The first toy trains were made of lead and had no moving parts. Some had wheels which turned, but these needed to be pulled or pushed. A few of the early 19th-century push toy trains were made from tinplate, such as the big, durable, stylized locomotive toys in the U.S., that were painted gold and red and decorated with hearts and flowers. train model with convnetjs
Around 1875, technological advancements in materials and manufacturing enabled tin to be scraped, cut, wrapped, and lithographed faster than ever before.
Toy trains were revolutionized when Märklina German firm which specialized in doll house accessories, sought to create an equivalent toy for boys in which a continuous revenue stream could be ensured by selling add-on accessories for years after the first purchase. Along with boxed sets containing a train and monitor, Märklin offered additional track, rolling stock, and buildings offered separately, creating the predecessor to the modern model train layout featuring buildings and scenery along with an operating train.
Electric trains adopted, with the first appearing in 1897, produced by the U.S. firm Carlisle & Finch. As home use of power became more prevalent from the early 20th century, electric trains gained popularity and as time moved on, these electric trains grew in sophistication, gaining light, the ability to change direction, to emit a whistling sound, to smoke, to remotely couple and uncouple cars and even load and unload freight. Toy trains from the first half of the 20th century were frequently made of lithographed tin; afterwards trains were often made mainly of plastic.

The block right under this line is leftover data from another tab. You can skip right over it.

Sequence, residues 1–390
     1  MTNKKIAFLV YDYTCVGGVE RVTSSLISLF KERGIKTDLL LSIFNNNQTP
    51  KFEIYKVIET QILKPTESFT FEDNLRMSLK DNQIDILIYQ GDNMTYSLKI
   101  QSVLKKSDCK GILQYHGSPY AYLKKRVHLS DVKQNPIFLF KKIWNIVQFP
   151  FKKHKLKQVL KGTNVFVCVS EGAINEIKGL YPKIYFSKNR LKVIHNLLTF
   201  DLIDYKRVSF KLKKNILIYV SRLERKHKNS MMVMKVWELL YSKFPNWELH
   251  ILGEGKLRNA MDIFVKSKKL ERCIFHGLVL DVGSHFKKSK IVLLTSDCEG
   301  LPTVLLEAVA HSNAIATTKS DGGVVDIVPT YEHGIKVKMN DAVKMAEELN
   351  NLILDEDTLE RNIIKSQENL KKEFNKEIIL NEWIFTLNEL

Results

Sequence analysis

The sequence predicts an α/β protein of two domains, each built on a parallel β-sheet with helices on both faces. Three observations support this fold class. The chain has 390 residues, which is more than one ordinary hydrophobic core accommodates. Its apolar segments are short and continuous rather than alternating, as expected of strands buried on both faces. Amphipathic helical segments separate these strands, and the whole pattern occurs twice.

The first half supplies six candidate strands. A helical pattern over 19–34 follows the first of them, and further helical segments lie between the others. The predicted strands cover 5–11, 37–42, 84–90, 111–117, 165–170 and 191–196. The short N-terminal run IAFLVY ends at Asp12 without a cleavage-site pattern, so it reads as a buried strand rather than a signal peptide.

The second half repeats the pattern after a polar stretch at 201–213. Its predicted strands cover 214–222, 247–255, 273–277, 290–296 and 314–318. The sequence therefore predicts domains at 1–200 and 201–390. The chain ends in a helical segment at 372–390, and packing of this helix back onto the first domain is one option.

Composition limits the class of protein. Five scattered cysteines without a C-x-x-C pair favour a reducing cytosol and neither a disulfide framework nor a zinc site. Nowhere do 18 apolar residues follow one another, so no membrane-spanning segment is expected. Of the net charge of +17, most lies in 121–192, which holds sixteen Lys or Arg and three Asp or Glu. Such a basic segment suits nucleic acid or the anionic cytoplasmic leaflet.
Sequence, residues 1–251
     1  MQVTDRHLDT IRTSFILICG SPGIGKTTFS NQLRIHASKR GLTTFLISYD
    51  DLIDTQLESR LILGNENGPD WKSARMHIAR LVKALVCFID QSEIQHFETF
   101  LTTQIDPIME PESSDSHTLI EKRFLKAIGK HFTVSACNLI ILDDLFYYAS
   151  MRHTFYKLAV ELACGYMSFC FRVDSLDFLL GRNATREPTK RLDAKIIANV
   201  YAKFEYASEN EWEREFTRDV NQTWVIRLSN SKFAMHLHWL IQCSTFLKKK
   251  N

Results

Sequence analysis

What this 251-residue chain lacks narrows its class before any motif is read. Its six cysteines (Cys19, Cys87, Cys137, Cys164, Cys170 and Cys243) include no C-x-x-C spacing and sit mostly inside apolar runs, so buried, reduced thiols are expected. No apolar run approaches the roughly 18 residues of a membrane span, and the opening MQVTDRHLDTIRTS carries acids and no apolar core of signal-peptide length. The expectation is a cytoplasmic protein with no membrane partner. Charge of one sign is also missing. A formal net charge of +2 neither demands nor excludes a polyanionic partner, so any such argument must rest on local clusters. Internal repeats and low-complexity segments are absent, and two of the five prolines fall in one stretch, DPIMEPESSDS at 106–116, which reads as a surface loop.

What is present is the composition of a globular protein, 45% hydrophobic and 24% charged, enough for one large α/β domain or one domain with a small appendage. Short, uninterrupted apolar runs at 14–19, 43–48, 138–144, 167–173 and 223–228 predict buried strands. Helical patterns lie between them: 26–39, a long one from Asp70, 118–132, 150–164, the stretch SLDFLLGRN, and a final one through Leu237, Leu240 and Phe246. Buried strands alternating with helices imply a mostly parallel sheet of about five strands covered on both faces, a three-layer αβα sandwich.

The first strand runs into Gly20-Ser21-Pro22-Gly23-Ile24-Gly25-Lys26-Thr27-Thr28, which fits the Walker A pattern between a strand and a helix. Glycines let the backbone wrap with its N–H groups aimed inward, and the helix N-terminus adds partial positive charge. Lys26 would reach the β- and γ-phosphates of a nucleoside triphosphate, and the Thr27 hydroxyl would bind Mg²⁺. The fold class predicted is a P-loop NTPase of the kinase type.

Pull toys and wind-up trains were marketed towards kids, while electric trains were marketed towards teenagers, especially teenaged boys.
Consumer interest in trains as toys waned in the late 1950s, but has experienced resurgence since the late 1990s due in large part to the popularity of Thomas the Tank Engine.
Today, S gauge and O gauge railroads continue to be considered toy trains by their own adherents and are often accessorized with semi-scale model buildings by Plasticville or even K-Line (who owns the rights to the Plasticville-like buildings produced by Marx in the 1950s to the 1970s). However, due to their high price, one is more inclined to find an HO scale or N scale train set at a toy shop than a O scale collection.
Many modern electric toy trains comprise sophisticated electronic equipment which exude digitized sound effects and allow the operator to safely and easily run multiple remote control trains on one loop of course. In recent years, many toy rail operators may operate a train using a TV camera at the front part of the engine and hooked up to a screen, such as computer monitor. This will show an image, similar to that of a real (smaller size) railroad)
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